• Registered Investment Adviser Faces Fraud Charges
  • June 6, 2014 | Authors: Peter D. Fetzer; Terry D. Nelson
  • Law Firms: Foley & Lardner LLP - Milwaukee Office ; Foley & Lardner LLP - Madison Office
  • The SEC filed fraud charges in a recent complaint filed in federal court against an Ohio-based investment advisory firm, Professional Investment Management (“PIM”) and its president and chief compliance officer, Douglas Cowgill, for allegedly concealing a shortfall of approximately $700,000 in client assets and then attempting to deceive the SEC’s examiners from detecting the shortfall.

    During a routine examination by the SEC of the books and records of PIM, the SEC attempted to verify the existence of client assets. In account statements sent to clients by PIM, it was reported that PIM held about $7.7 million in a money market fund although only $7.0 million of client assets was actually documented as having been invested in the fund. During the SEC’s examination of the adviser, Cowgill attempted to disguise the shortfall by entering a fake trade in the firm’s account records. Cowgill falsified records he provided to the staff and apparently transferred funds from another account at a financial institution which also constituted client assets, to eliminate the shortfall in the money market account. The transfer of the shortfall amount between the accounts by Cowgill was meant to avoid detection by the staff. The SEC also asked the federal court to impose an asset freeze of the advisory firm in order to further protect client assets.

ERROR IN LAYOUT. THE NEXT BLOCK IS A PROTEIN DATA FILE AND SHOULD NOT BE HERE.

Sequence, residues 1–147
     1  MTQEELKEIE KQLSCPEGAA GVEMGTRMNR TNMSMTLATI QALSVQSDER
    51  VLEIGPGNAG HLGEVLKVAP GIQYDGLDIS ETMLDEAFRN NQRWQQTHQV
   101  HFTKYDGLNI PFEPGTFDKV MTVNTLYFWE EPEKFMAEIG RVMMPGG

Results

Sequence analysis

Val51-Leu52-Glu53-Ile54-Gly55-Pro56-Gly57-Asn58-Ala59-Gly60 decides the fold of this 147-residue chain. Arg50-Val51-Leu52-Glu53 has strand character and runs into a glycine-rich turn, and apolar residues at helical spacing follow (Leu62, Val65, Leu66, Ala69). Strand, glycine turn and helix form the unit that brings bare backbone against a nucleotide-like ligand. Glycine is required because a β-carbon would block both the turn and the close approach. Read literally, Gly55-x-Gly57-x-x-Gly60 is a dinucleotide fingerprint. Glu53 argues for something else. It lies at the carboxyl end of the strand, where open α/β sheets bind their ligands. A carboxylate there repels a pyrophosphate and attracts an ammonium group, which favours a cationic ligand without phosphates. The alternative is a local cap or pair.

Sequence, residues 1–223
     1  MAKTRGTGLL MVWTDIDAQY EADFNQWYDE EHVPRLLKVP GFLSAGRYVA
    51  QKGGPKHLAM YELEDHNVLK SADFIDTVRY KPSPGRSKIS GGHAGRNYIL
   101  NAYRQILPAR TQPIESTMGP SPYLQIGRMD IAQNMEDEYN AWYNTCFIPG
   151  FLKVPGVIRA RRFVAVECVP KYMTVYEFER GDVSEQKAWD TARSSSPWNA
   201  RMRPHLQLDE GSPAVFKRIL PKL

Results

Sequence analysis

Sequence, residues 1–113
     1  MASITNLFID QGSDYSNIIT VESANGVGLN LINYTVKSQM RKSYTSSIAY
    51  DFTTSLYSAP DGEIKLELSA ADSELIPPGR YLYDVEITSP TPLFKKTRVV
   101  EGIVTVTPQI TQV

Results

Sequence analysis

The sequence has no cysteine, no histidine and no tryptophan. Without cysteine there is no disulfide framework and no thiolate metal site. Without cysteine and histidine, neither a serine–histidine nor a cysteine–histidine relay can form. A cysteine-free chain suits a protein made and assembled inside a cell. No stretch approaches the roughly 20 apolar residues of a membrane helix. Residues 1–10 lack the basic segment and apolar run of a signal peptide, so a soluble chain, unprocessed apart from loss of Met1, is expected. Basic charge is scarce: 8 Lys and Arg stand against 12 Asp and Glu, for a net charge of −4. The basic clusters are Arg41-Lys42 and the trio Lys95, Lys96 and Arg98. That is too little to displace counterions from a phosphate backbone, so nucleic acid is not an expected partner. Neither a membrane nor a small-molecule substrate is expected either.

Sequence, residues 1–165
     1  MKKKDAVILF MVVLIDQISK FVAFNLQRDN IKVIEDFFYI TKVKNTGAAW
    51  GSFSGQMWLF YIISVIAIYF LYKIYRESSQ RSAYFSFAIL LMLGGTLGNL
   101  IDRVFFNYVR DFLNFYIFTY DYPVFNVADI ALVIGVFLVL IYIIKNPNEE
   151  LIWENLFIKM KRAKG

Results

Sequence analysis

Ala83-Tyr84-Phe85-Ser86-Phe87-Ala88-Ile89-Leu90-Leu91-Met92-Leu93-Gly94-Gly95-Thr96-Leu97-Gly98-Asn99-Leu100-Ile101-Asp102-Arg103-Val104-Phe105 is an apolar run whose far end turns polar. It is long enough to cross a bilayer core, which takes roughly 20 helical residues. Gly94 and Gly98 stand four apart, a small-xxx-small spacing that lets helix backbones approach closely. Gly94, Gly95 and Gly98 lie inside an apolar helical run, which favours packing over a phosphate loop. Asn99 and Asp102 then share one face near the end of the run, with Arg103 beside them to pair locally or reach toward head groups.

PIM currently has about 325 clients with $120 million of assets under management. It was registered with the SEC from 1978 until September, 2013 when it withdrew its SEC registration. The SEC’s examination was conducted, in part, because for the last four years, PIM had apparently not complied with the “custody rule” which required for each of those years, an independent verification of client assets.

    The SEC’s complaint charges PIM and Cowgill with violating the anti-fraud, registration and custody provisions under the Investment Advisers Act of 1940. The motions made by the SEC included a request for the Court to issue a preliminary injunction.